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Covid-19 Resources

New Jersey Resources for Business and Economic Relief

May 6, 2020
Written by Amy Lee
May 6, 2020 | Written by Amy Lee

This article was updated on June 25, 2020.


What Is New Jersey Doing To Help?

New Jersey moved deftly in response to the COVID-19 outbreak and chose to use most of the existing emergency fund to bolster public health efforts by investing in hospitals and other medical infrastructure. 

Unfortunately, this left them with a dearth of resources to be used in the long-term effort to stabilize a plummeting economy. However, resources have become available by way of funding from the federal government and other organizations beyond the purview of the state. 

Now, the highest priority is to ensure that those who need it are made aware and able to gain access to it.  


What Types of Programs Are Being Offered By The Federal Government?

Under the umbrella of the CARES Act (Coronavirus Aid, Relief and Economic Security), over $2 trillion dollars in funding has been made available to state governments in order to help combat the various health and economic concerns that have arisen as a result. Of this sum, about $350 million is designated to help stimulate state and local economies, purportedly from the ground up. 

The second round of relief came in a $484 billion dollar package, with $310 billion going to replenish the quickly depleted Paycheck Protection Program.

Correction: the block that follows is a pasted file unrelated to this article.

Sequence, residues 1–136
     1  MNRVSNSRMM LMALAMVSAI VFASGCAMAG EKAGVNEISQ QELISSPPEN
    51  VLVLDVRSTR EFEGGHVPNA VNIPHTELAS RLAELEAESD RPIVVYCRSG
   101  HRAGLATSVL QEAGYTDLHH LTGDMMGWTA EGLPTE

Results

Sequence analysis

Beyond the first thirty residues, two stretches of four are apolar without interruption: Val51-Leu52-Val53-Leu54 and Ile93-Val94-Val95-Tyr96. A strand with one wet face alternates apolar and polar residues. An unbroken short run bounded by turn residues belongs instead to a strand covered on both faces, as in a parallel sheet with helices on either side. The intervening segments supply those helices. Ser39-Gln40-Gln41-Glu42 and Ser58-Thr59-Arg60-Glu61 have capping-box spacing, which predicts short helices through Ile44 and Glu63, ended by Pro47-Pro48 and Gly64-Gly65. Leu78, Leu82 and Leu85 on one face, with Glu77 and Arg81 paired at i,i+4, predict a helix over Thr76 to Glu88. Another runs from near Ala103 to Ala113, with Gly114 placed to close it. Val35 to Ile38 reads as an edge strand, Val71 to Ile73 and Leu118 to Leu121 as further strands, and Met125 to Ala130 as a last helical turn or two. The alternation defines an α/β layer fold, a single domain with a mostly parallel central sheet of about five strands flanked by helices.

The solution is designed to keep all those unemployed during the pandemic afloat, along with the businesses that previously employed them, to ensure that we have a workplace and a workforce available and ready when it becomes safe to resume business. 

So, what kind of resources are available, and how can individuals and businesses access them? 

Paycheck Protection Program (PPP)

The largest emergency relief fund is the PPP, which is designed to help small businesses keep employees on the payroll by providing funds for this purpose expressly. The best feature of the program is that, while it is issued as a loan which must be paid back over time, you have the ability to convert it to a grant by fulfilling a few simple conditions. 

  1. You must retain ALL employees on the payroll for an 8 week period. 
  2. You must use these funds for ONLY the following purposes: 
  • Payroll disbursements
  • Rent payments
  • Mortgage interest
  • Utility costs

The wonderful part about a grant is, simply, that you are not required to pay it back. However, failure to adhere to the guidelines listed above will disqualify your business from converting the PPP loan to a grant, and require you to pay it back later.